HUMAN RIGHTSHow we're working for the people who work for us.
In my field, it's often a challenging time. When I first joined the advisory board of Social Accountability International (SAI) back in 1997, sweatshop conditions were very much in the headlines. After a decade and a half of widespread auditing, it's deeply troubling to see the current factory disasters—two in Bangladesh at facilities that did not adopt SA8000. The 2012 fire in Pakistan was at an SA8000-certified factory in Pakistan, which has caused reputational challenges for SAI. Changes are being implemented and I'm sure more will be in the works.
What most excites you about heading up SAI's Advisory Board?
I am very excited about the personal growth this post offers. It's a leadership opportunity, one that stretches my ability to convene multiple personalities and agendas. Members of the advisory board come from trade unions; brands such as Gap, Hewlett-Packard and Gucci; and NGOs that include the Rainforest Alliance, the Akatu Institute for Conscious Consumption and the World Wildlife Fund.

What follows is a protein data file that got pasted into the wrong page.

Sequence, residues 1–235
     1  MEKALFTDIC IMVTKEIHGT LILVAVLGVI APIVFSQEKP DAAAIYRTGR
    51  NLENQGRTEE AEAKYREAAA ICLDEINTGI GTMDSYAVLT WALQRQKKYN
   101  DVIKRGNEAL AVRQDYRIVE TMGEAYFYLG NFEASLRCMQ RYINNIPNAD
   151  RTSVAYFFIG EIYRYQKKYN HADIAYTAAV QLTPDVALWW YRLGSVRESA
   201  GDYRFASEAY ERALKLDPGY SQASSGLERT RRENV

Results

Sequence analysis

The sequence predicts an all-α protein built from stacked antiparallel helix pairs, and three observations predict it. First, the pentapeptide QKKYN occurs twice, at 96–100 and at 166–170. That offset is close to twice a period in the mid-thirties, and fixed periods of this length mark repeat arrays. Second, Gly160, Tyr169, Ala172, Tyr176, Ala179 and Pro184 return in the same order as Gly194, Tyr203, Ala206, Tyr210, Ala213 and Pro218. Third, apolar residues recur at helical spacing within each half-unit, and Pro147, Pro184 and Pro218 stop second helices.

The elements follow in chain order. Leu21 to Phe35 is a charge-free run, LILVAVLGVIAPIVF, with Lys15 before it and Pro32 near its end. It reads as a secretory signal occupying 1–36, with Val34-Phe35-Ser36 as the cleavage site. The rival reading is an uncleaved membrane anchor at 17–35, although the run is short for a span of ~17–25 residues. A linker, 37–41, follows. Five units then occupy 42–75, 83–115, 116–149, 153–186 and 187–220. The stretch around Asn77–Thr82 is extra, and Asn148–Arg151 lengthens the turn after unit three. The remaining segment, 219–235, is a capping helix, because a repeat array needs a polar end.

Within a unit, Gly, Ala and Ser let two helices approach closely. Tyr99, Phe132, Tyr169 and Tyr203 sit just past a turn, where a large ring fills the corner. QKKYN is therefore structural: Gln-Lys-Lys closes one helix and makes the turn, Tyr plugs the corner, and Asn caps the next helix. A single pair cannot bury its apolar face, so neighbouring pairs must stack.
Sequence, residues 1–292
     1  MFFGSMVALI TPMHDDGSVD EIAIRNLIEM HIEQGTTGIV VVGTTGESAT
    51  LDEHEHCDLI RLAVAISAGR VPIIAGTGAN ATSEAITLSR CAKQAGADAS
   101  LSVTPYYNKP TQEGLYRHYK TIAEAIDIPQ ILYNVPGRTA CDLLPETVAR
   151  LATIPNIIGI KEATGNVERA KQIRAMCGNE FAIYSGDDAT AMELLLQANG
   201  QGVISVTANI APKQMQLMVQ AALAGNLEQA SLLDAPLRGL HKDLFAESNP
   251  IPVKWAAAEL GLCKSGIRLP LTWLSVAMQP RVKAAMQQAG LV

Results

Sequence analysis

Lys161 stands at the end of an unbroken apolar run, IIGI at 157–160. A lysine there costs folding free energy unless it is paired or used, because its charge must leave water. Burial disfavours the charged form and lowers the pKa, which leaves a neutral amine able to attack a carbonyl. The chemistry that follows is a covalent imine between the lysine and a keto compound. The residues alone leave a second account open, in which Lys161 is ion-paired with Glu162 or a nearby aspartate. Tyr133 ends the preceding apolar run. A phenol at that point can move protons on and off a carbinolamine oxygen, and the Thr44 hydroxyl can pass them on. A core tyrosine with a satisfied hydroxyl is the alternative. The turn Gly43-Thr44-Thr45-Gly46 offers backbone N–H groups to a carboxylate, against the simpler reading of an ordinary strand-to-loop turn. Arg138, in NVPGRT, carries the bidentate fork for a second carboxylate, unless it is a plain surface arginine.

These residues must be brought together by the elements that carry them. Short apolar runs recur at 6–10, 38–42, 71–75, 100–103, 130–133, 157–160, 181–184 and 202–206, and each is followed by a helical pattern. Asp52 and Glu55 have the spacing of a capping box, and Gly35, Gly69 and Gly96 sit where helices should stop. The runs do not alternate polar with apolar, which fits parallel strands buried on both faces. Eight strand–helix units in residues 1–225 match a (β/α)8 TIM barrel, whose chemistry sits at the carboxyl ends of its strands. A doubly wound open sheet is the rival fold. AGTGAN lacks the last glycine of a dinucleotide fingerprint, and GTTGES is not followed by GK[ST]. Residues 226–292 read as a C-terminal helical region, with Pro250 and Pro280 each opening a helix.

Can't governments regulate factories? Why is SA8000 necessary?
Local laws—and their enforcement—vary from country to country. SA8000 standardizes conditions for factory workers around the world, drawing on conventions from the United Nations, the International Labor Organization and the Universal Declaration of Human Rights. It says yes to worker empowerment and no to excessive hours, child labor and human trafficking, among other things.
Why is there so little customer awareness of SA8000?
It's a chicken and egg situation—until you start promoting SA8000, how can anyone recognize it? I'm excited EILEEN FISHER hangtags call out which garments were produced in SA8000-certified factories. It will be interesting to see how our customers respond—will they begin to look for this when they shop? I'm hoping that customer demand will increase and that will make our work easier.
Any parting thoughts?
After almost two decades of this work, I think the big question that SAI—and any social compliance organization—has to ask is, how effective have we been in improving worker welfare? What impact have we had as a human rights movement? And is SAI's mission from 1997 still relevant today? That's what I'm reflecting on now.